OK, new headshot for late 2021:

Jonathan Konrath headshot

Despite owning 167 cameras, I am not a photogenic person, and I do not like taking my own picture. But in the world of 100% remote work, most of the people in my company know me as the little icon next to my Slack chats or GitHub PRs. So, I had to do this.

I’d advise people to pay someone to do this for them. But, pandemic. So here’s a few tips and observations on taking your own headshot.

  • Gear: Canon T6i, 18-55 kit lens, tripod, wired remote shutter.
  • Lighting: I shot against a blank wall perpendicular to west-facing windows in the afternoon. No flash on this one. I did use a fill flash on some of my attempts, but I liked the shadow of the natural light.
  • In any portrait, look at the eyes (or the glasses) and you can see how it’s lit. The square windows of my loft are visible in the upper corner of my glasses, and I think that looks okay. A direct ring light reflection, especially when it’s right on the iris, doesn’t look great.
  • If you have coke-bottle glasses like me, turn your head slightly. If you look head-on, that weird distortion field will be on both sides of your face. Here, it’s strategically off to the side.
  • if chins > 1 (sorry) try this: right before you pose, look down, then look up, stretch your neck a bit, then put it back down into position.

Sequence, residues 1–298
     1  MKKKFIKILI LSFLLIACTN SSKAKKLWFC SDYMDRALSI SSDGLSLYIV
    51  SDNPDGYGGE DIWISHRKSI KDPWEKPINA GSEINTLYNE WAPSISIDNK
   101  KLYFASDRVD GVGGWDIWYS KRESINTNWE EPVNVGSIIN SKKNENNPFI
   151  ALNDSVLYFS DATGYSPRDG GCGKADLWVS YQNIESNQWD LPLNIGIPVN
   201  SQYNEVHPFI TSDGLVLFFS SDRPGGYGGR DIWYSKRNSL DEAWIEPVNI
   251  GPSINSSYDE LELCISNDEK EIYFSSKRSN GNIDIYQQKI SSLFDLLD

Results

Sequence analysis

• I’ve used a very careful crop of the crown of my head which is a great tip for men of a certain age who can’t wear a baseball cap in their headshot.
  • Another composition thing to keep in mind is that most places you use your picture, like Slack or a G-Suite account, will crop it into a circle icon. If your picture is way off-center, you might be nailing the golden ratio thing, but it’s going to crop weird.
  • If you don’t want a smiling picture, smile or laugh right before you trip the shutter. It takes some timing to get it so you’re somewhat between a smile and a scowl.
  • Use a black and white filter to look sophisticated (and worry less about skin tone).
  • Breathe. Relax. Take your time and take many shots. This was seriously the best of 65.

I’d probably rate this picture a 3/5, but you should have seen the one I had on LinkedIn before this. Seriously, I went years with a carefully cropped image from a group photo of me and a half-dozen other people in a poorly-lit pizza parlor. I hope this one works better.